Hahn Air Base, West Germany: The 50th AP K-9 Section, 1961

...always trust your dog!

WELCOME TO HAHN'S K-9 SECTION,
1961



Hahn AB, September 12, 1961, 50th AP K-9 Officers and NCO's...
M/Sgt. Stocks, Chief M/Sgt. Rathsack, Major Louis S. Harp CO, Lt. Robert J. Johnson K-9 OIC, T/Sgt. James W. Callow Kennel Master


HAHN'S K-9 SECTION

...was divided into three working flights*, each with a A1c, as a Flight Leader. Lt. Johnson was the K-9 OIC and T/Sgt. Callow, was the KennelMaster 'til December 1, 1961, when T/Sgt. Guy assume the KennelMaster position with S/Sgt. Bobby Waits as his second in command.

Usually, we worked six days on (three nights of post and three days of training at the kennels) and three days off. In the early sixties, all our posts were on base, but by the middle of '62 we also had off base missile sites, when the 586th K-9 merged with the 50th. In the winter we worked from about midnight 'til dawn (just about seven hours) and during the summer months a little less.




JOINING K-9

Nothing to it!  All you had to do, is break the No. 1 rule of the military ...volunteer! Usually we had a waiting list of guys from regular security, who wanted to join K-9, either they just loved dogs, and wanted to work outdoors with a Sentry Dog or just couldn't stand the sameness of working a fix post.  Personally, I got tired of playing cards on SAT all the time, I kept loosing! And I really did like the idea of being paid to play with a sentry dog for three years; plus I knew, I could beat any dog playing cards!  lol

Openings in K-9 became available as Dog Handlers became "Short Timers" or transfered back to regular security duty, mostly it was because they were going back to the real world.




BREAKING IN

Once you got your spot in K-9 and were reassigned; your first duty was to 'break in' on the Dog assigned to you. That meant, you would spent everyday at the kennels taking care of your new dog...you would be the only person to, feed him, give him water and clean his pit area.

You would spent a lot of time just sitting in front of his kennel, reading and talking to him. Allowing the Dog to get used to the sound of your voice, so he would realize that you were his friend and not just a meal. Everyday you followed the same routine, until you felt confident enough, that the Dog, wagging his tail when you approached him, was really glad to see you and just didn't want to tear your arm off.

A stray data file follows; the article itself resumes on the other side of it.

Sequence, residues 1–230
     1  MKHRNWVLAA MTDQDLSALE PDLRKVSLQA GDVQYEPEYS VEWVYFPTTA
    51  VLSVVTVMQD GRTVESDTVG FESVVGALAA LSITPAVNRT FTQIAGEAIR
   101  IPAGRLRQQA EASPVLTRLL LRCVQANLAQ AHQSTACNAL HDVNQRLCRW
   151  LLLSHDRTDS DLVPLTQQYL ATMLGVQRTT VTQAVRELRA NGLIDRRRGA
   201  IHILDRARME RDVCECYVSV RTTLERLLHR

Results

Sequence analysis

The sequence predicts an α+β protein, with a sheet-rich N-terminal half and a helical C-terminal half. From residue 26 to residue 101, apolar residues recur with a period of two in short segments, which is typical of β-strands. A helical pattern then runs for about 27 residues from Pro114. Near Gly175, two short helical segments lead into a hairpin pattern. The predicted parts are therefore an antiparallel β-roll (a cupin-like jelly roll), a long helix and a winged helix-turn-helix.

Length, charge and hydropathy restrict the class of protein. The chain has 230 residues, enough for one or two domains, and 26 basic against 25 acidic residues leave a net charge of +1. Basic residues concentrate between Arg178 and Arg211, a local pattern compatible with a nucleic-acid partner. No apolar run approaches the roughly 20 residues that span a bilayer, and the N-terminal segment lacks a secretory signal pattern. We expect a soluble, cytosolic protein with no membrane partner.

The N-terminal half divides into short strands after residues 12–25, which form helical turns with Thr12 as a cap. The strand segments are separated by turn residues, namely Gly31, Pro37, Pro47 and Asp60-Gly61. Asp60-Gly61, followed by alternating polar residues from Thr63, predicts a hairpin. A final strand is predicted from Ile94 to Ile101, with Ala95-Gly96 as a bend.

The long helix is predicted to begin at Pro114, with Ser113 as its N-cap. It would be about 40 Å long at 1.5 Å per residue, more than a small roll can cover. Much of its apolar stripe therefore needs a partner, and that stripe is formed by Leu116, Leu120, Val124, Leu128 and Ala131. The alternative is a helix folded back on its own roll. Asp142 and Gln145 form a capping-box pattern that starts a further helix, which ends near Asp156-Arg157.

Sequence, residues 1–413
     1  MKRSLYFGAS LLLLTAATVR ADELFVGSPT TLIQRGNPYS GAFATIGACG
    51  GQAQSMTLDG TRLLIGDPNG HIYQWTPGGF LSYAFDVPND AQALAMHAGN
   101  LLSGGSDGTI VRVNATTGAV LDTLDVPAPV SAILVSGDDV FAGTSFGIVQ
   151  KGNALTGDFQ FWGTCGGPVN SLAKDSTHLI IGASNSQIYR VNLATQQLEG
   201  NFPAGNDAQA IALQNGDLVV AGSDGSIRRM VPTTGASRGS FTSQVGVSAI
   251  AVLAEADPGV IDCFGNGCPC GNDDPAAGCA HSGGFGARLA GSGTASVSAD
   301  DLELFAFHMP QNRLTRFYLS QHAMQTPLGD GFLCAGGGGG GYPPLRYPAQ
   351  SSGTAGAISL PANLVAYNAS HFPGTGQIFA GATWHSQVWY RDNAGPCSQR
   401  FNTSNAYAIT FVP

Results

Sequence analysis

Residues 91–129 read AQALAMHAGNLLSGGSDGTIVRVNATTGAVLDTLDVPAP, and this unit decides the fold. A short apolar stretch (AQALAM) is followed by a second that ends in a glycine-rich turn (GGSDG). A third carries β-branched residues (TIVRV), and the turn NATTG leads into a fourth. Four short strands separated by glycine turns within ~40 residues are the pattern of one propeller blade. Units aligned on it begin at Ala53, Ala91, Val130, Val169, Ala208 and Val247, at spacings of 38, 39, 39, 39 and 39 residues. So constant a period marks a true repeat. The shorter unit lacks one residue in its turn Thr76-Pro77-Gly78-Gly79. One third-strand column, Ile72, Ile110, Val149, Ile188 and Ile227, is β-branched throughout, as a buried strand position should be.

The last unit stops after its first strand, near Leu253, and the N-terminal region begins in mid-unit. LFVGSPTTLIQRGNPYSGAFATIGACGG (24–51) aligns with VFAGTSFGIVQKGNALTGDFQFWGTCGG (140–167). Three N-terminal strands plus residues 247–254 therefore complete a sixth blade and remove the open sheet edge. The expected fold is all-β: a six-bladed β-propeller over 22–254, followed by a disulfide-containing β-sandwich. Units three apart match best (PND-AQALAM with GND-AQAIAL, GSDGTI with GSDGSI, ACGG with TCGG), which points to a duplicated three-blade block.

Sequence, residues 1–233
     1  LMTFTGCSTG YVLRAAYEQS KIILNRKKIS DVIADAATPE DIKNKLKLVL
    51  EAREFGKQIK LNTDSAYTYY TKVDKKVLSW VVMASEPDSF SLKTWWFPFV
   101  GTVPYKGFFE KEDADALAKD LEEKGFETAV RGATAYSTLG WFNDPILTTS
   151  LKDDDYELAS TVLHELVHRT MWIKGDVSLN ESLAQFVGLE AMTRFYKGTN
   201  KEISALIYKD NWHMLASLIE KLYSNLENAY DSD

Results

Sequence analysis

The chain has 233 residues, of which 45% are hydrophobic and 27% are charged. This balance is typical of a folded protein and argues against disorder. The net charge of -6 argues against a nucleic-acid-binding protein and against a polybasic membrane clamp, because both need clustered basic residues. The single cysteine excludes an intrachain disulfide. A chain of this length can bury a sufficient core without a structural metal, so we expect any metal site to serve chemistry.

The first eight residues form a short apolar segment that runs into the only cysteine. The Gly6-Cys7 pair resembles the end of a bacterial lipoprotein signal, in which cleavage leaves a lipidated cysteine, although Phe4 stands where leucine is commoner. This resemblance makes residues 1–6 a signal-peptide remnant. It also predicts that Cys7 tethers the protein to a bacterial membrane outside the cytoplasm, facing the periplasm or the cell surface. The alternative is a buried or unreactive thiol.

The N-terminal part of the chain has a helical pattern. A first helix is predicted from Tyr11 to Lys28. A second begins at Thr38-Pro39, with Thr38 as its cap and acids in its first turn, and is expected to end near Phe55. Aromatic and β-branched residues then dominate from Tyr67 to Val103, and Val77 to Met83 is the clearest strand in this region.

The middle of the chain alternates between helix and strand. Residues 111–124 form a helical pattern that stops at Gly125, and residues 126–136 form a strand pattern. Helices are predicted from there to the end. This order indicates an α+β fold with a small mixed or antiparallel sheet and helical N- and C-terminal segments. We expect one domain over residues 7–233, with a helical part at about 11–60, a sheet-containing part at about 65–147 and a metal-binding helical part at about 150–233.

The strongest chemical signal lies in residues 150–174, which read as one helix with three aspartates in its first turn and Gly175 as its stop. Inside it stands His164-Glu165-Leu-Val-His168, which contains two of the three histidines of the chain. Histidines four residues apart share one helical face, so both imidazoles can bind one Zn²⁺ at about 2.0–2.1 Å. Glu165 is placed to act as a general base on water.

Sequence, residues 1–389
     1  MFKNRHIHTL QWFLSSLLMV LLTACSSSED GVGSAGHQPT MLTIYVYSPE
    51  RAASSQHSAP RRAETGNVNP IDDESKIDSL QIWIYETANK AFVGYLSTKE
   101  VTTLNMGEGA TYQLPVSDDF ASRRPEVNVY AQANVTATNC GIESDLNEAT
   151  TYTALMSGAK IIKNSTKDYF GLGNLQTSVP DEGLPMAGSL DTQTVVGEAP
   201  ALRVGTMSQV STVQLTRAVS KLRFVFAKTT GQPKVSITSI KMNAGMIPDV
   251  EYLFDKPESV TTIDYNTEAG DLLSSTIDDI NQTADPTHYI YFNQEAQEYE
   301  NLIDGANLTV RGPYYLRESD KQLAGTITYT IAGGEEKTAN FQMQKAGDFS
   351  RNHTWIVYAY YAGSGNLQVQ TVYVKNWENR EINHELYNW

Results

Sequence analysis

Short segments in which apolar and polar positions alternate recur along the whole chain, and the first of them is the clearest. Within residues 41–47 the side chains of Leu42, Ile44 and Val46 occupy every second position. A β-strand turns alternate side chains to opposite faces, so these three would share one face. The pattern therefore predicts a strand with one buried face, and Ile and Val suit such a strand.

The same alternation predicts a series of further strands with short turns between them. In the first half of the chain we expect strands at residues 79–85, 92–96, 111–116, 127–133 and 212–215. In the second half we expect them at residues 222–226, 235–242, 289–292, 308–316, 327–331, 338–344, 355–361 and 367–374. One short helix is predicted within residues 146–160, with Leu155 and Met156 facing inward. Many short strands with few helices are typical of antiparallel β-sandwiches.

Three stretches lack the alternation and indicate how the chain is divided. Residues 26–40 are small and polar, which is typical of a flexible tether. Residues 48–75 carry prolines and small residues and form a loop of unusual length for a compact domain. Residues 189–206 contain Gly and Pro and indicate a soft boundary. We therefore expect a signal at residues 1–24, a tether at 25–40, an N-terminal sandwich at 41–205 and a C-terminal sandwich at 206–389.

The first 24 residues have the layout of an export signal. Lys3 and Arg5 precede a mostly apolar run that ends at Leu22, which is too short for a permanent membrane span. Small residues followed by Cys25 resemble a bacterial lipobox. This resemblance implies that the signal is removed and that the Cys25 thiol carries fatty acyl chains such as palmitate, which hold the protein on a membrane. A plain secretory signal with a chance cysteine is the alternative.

Sometimes it went quickly and the new handlers after several weeks, would be able to walk into the dog's kennel, put a leash on him, just like they were 'old buddies' and start to work post...sometimes depending on the dog, it took what seemed liked forever!

My First, Edo R-587 - Born: 11/54 - Died: 7/61


Don't let the paw and sweet face fool you...Joe Brandt and myself were the only ones, that Edo would allow to shake his 'hand'...anyone else he would try to chew them up!

MY FIRST DOG, EDO


My first dog, Edo, had a reputation for being the meanest dog in the kennels. It took me two months before he would even allow me to pet him.  Afterwards though, we became the best of friends! Only one other person could handle Edo and that was Joe Brandt, the caretaker. Unfortunatly, Edo died exactly one month after we started working post, of cancer. Perhaps the cancer contribute to his meanest but Edo worked up until the night he passed away and didn't show any signs of being sick. He was everything that a Sentry Dog was suspose to be, and a lot more!

USAFE DOG TRAINING SCHOOL, 1962


Located, Hotel Kilo in Wiesbaden, West Germany